DCITRAQ was launched five years ago, and has evolved since then with new features. It is available to customers, their consultants or agents to dynamically compare and source data center services such as physical or wholesale colocation, managed hosting, cloud and cybersecurity, he explains. “You can have multiple vendors compete for your business through DCITRAQ.” 

Essentially, DCITRAQ is a reverse auction model for the data center industry, costing the client nothing to gain a transparent view of the physical, virtualized and hybrid offerings available from a huge pool of providers. It gives the client all the information they need about a provider from their physical facilities to their software capabilities and carriers. “The power of DCITRAQ lies in 21 years of experience and thousands of projects. All this information is collected to an intuitive dashboard – all your deal history, communications all fully integrated with COLOTRAQ's cloud based enterprise accounting platform – and that information is always up to date.”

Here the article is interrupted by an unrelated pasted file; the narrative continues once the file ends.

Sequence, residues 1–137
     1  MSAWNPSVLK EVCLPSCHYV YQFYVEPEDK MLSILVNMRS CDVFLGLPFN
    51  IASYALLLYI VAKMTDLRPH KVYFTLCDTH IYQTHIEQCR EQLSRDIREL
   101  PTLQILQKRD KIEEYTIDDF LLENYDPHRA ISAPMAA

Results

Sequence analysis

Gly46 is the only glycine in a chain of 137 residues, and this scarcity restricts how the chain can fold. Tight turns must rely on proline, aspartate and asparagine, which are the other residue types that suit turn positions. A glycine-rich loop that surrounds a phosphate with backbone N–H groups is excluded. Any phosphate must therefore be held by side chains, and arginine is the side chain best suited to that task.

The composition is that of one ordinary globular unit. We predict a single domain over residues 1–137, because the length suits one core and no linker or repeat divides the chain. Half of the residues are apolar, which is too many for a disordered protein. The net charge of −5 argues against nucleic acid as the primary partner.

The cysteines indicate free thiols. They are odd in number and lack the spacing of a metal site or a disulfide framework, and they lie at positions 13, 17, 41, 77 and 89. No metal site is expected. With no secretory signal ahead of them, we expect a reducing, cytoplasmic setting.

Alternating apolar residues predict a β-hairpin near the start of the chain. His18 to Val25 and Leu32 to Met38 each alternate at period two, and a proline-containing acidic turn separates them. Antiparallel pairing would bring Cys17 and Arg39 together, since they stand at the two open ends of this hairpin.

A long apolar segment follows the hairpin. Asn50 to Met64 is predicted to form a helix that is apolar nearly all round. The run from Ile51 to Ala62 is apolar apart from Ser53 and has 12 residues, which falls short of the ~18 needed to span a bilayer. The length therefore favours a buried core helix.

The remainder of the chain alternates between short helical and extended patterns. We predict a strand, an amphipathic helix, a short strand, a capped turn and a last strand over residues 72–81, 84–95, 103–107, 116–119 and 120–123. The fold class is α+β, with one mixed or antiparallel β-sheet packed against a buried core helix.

Though the rise of the internet was clearly going to drive demand for data center services and be the basis for his business expansion plan, Bouchedid did wonder at first how someone who seemed no more than a clever online bookseller should have set such a store on infrastructure. “It wasn't till Amazon launched AWS almost a decade after Bezos gave that talk that his master plan became clear: he had been the retail king but now he was the infrastructure king!”